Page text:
Le phénomène humain

Le ph nom ne humain Pierre Teilhard De Chardin was one of the most distinguished thinkers and scientists of our time He fits into no familiar category for he was at once a biologist and a paleontologist of world renown

  • Title: Le phénomène humain
  • Author: Pierre Teilhard de Chardin
  • ISBN: 9782020005814
  • Page: 430
  • Format: Mass Market Paperback
  • Pierre Teilhard De Chardin was one of the most distinguished thinkers and scientists of our time He fits into no familiar category for he was at once a biologist and a paleontologist of world renown, and also a Jesuit priest He applied his whole life, his tremendous intellect and his great spiritual faith to building a philosophy that would reconcile Christian theology wPierre Teilhard De Chardin was one of the most distinguished thinkers and scientists of our time He fits into no familiar category for he was at once a biologist and a paleontologist of world renown, and also a Jesuit priest He applied his whole life, his tremendous intellect and his great spiritual faith to building a philosophy that would reconcile Christian theology with the scientific theory of evolution, to relate the facts of religious experience to those of natural science.The Phenomenon of Man, the first of his writings to appear in America, Pierre Teilhard s most important book and contains the quintessence of his thought When published in France it was the best selling nonfiction book of the year.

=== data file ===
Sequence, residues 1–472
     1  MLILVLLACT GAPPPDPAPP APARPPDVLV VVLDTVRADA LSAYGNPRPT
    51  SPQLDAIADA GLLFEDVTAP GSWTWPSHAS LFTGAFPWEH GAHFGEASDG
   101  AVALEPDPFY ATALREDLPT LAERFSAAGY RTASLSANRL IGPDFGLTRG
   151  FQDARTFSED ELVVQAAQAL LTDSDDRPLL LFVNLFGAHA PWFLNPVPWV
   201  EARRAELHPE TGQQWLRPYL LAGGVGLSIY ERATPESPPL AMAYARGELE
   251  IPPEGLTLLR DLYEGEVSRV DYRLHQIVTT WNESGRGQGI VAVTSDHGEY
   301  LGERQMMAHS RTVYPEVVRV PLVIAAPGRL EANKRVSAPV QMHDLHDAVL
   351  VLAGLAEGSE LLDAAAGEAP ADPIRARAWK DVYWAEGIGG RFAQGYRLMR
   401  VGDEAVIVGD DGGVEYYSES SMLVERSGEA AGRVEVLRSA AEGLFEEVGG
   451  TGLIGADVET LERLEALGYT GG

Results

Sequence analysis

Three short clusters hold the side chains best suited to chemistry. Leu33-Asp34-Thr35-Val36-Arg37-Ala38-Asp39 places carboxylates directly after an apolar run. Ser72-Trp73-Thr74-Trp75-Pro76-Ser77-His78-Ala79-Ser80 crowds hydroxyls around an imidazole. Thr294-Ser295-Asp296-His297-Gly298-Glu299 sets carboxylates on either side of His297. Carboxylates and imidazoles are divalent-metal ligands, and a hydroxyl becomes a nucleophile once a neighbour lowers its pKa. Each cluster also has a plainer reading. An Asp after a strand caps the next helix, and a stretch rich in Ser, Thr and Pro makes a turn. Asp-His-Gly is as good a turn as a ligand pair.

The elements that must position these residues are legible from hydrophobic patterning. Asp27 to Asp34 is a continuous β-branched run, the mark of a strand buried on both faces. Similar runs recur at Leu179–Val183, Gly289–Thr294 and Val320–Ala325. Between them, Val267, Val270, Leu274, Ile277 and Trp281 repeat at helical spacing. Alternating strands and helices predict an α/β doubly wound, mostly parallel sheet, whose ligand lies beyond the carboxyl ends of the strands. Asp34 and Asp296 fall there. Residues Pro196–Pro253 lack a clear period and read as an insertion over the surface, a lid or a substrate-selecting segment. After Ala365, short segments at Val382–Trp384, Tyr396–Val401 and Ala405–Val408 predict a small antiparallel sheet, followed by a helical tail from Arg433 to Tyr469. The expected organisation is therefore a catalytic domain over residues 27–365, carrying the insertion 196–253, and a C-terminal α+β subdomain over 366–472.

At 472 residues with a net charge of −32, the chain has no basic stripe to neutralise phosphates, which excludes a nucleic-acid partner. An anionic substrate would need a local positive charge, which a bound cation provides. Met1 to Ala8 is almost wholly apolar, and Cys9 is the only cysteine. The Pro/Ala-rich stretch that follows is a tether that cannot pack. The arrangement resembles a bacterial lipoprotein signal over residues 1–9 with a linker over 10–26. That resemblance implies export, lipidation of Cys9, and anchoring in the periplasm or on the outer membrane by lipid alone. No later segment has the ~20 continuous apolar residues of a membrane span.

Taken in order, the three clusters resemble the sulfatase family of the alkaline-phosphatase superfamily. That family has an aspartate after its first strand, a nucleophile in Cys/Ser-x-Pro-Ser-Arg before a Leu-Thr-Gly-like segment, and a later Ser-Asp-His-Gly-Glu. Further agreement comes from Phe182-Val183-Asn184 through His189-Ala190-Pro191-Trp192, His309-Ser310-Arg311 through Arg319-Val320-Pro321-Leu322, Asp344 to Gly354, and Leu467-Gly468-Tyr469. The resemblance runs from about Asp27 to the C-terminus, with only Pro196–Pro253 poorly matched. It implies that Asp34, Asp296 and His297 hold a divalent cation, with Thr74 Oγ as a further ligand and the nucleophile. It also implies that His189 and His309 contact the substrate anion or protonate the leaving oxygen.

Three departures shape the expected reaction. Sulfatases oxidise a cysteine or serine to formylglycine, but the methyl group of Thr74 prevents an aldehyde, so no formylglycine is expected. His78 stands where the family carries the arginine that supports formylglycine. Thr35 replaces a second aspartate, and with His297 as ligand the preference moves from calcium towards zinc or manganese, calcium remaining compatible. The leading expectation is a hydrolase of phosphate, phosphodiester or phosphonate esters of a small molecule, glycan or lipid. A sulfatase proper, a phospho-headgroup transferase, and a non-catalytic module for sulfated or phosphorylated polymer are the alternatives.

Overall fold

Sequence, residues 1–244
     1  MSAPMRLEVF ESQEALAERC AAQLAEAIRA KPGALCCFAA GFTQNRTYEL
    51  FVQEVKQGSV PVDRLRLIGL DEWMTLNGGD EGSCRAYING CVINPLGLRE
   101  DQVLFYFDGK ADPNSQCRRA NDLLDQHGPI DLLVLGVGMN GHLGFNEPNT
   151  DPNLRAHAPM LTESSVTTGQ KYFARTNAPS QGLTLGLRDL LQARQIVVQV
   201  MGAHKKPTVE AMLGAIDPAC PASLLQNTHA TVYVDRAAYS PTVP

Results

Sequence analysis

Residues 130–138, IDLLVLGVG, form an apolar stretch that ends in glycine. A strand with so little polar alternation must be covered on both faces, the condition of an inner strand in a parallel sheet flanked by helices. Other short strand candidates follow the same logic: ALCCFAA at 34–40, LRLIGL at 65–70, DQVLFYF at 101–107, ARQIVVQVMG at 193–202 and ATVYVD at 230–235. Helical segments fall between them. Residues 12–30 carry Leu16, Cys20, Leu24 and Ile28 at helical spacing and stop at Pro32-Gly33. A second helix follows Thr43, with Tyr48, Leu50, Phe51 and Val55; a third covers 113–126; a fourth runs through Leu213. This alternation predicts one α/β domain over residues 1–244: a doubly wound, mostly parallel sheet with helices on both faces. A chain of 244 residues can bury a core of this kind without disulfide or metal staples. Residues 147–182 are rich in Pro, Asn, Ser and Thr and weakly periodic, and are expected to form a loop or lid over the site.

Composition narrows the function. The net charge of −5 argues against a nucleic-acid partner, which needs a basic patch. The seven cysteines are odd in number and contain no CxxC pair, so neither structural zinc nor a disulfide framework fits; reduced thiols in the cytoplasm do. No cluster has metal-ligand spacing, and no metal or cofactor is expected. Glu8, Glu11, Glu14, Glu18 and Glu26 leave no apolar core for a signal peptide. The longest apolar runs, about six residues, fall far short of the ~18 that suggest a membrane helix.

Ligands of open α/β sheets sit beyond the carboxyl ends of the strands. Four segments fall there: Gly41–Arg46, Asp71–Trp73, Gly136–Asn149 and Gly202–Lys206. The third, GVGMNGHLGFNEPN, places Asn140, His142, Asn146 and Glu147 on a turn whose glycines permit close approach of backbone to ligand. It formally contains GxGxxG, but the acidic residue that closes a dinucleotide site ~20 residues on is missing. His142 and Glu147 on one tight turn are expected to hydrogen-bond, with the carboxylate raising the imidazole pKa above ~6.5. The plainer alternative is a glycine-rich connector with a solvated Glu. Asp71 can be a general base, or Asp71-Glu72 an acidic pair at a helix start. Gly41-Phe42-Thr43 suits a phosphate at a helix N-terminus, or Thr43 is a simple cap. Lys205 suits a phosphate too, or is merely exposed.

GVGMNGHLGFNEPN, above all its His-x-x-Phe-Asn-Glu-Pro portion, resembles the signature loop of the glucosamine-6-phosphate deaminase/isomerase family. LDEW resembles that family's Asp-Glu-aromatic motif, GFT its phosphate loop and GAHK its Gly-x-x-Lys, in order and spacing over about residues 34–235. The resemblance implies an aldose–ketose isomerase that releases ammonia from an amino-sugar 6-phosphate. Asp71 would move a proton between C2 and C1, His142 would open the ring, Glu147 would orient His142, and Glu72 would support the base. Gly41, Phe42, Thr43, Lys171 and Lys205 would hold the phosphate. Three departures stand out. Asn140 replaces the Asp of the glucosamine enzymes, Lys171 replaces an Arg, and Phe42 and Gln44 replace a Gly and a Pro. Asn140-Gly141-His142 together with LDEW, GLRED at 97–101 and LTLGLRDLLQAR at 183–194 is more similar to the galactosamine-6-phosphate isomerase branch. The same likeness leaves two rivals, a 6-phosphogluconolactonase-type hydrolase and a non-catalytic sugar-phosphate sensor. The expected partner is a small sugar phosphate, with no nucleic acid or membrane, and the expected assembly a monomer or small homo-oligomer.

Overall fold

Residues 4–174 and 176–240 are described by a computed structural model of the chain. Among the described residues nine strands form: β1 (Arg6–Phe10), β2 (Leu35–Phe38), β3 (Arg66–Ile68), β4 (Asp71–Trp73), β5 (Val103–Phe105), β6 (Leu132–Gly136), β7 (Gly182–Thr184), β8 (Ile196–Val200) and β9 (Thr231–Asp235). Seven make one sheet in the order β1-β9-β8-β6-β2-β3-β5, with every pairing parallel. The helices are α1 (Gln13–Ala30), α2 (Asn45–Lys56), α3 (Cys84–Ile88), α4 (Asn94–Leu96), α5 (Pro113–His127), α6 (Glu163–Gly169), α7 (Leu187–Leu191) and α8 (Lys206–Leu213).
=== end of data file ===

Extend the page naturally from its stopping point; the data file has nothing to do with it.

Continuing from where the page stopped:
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    1 thought on “Le phénomène humain”

    1. I’ll start this review by asking: How prescient can one person be? Completing this book in 1940, de Chardin could not have predicted the Internet, but if you read about his concept of the “noosphere,” you realize that if he were alive today (b. 1881; d. 1955) he would look at the Internet and say “That’s it! I knew it would be something like that!” If you read science books and have not yet read Teilhard, you know what you need to do. Right or wrong, De Chardin is one of the few scho [...]

    2. Although he was a priest, in France he is best known for his work in paleontology, when he was a curator in the Museum of Natural History in Paris. He has rendered the subject of evolution easily accessible to all, and his point of view complements that of Darwin in many ways. For example:His Chapter called ‘The within of Things’ states the presence of a soul, even for the non-livings, which sounds like a common sense to me. The chapters ‘The rise of Consciousness’ and ‘The confluence [...]

    3. This book intends to describe the past and future evolutionof life. Many of the scientific concepts expressed in thefirst half of the book have been superseded by more recentdevelopments.For me, the main interesting concept in the book is the assertion that human consciousness is an aspect of evolution. Also that evolution has a goal, i.e. the increasingcomplexity of human consciousness (called noosphere) whichwill culminate in the final super-humanized form (p. 259)which the author calls the Om [...]

    4. In spite of the three star rating, I do think this book is absolutely worth reading, and reading again. Chardin was an ordained Jesuit priest, but also a trained paleontologist who worked with the team that discovered the “Peking Man” fossils so just from those factors alone, the book is a must read. He offers a picture against both an atheist or, on the other side of the spectrum, a pantheistic perspective of evolution. The coherency of a world with a “personalising” God is something I [...]